WILLIAM THOMAS COX.
10th June 1867
Reference Numbert18670610-560
VerdictGuilty > unknown
SentenceImprisonment > penal servitude

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560. WILLIAM THOMAS COX (26) , Stealing, whilst employed in the Post Office, a letter containing 122 postage stamps, the property of her Majesty's Postmaster-General.

MR. METCALFE conducted the Prosecution.

JOHN GARDINER . I am one of the senior clerks of the General Post Office—the prisoner was a letter-carrier—his district was in Goswell Street—in consequence of something that occurred, I made up a letter, on 30th May, addressed, Mr. Baker, bookseller, 20, Goswell Street, into which I put 122 penny postage stamps, 120 in one sheet, and two together—I marked them and gave the letter the same day to Smee, an officer of the Post Office—it should in the ordinary course of business have been delivered by the prisoner

on the morning of the 31st, between eight and nine o'clock—about half-past twelve on 31st, in consequence of information, I told the prisoner that a letter containing postage stamps, addressed to Mr. Baker, bookseller, 20, Goswell Street, was missing, and asked him if he knew anything about it—he said, "No"—I asked him where he lived—he said, "15, Upper Ashby Street"—I desired Rumbold to go and search his lodging—he returned in about an hour, and in the prisoner's presence produced a pocketbook, containing 122 postage stamps, which he said he had found at the prisoner's lodgings in the pocket of a coat, which he produced, and which the prisoner now has on—I said to the prisoner, "These postage stamps have been found at your lodging by the police-officer; where did you get them from?"—he replied, "I am very sorry, but I must plead guilty"—I identified the stamps (produced).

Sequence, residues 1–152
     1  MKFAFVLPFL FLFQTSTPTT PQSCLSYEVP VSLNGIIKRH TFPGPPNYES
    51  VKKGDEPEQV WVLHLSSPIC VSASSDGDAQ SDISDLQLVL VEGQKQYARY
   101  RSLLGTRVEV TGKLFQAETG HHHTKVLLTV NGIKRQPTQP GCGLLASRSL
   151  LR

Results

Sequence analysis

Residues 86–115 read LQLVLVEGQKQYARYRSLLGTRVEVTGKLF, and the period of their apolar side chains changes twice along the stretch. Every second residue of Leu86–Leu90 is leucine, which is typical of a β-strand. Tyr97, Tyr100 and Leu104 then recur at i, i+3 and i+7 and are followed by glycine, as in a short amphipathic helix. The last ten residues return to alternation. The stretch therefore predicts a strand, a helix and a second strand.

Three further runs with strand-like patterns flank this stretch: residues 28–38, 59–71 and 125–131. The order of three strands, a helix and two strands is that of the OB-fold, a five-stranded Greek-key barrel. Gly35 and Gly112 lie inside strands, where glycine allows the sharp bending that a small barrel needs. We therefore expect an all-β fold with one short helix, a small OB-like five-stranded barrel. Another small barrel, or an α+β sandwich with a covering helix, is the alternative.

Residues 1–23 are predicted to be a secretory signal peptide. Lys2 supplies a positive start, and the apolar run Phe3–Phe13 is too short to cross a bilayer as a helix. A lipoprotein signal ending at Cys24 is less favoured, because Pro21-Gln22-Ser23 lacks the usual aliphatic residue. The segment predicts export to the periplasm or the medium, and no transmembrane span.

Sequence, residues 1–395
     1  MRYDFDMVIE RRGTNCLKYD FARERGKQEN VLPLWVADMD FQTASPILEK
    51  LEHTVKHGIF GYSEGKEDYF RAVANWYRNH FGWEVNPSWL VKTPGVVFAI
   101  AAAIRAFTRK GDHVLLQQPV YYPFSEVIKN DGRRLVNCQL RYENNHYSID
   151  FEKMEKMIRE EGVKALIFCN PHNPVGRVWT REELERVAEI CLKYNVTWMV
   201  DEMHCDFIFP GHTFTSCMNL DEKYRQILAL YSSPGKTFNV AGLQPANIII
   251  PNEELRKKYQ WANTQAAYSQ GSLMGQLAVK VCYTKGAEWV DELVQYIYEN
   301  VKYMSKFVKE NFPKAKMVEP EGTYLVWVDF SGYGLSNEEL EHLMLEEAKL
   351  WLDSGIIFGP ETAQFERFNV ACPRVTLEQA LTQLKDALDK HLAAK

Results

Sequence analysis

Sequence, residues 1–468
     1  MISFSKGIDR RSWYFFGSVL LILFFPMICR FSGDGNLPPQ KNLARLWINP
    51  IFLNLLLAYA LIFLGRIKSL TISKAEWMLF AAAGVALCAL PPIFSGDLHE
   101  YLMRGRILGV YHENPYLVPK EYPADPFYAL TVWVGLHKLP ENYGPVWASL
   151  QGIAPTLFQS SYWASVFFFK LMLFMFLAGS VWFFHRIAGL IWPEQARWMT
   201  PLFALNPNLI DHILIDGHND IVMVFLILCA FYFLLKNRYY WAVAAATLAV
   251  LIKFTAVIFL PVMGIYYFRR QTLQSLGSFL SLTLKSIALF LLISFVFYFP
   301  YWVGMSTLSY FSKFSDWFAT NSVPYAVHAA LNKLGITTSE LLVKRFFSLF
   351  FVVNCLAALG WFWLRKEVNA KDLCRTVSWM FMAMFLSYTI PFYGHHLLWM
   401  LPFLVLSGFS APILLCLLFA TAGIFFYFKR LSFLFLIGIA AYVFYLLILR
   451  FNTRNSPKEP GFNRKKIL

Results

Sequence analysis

WILLIAM SMEE . I am an officer of the Post Office—about 7.30 p.m. on 30th May I posted the letter Mr. Gardiner has spoken of at the chief office in the same state as I received it.

JOHN CLEGG . I am inspector of letter-carriers at the General Post Office—in consequence of a communication, I went to the letter-box on 30th May, and took out, amongst others, the letter spoken of—on the following morning I stamped it and sorted it, among other letters, to go to Gogwell Street—it would come into the prisoner's hands in the ordinary course—he should have delivered it between eight and nine that morning.

HENRY RUMBOLD . I am a constable attached to the General Post Office—on 31st May I went to the prisoner's lodgings and found in a drawer the coat he is now wearing, in the pocket of which I found a pocket-book containing stamps—the prisoner took off his uniform coat and put on the one I found.

THOMAS BAKER . I am a bookseller, of 20, Goswell Street—I did not receive the letter of which I have heard.

Prisoner's Defence. I hope you will give me another chance to regain my character. I have a wife and three young children, and one is dying of heart disease.

GUILTY .— Five Years' Penal Servitude.


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